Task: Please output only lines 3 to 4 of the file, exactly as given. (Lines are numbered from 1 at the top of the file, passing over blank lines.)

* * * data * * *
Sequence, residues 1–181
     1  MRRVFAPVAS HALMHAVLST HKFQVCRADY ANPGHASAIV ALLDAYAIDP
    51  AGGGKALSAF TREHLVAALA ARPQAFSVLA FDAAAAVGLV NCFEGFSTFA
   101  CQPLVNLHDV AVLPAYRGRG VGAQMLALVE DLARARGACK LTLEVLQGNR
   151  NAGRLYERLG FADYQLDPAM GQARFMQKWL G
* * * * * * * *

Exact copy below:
    51  AGGGKALSAF TREHLVAALA ARPQAFSVLA FDAAAAVGLV NCFEGFSTFA
   101  CQPLVNLHDV AVLPAYRGRG VGAQMLALVE DLARARGACK LTLEVLQGNR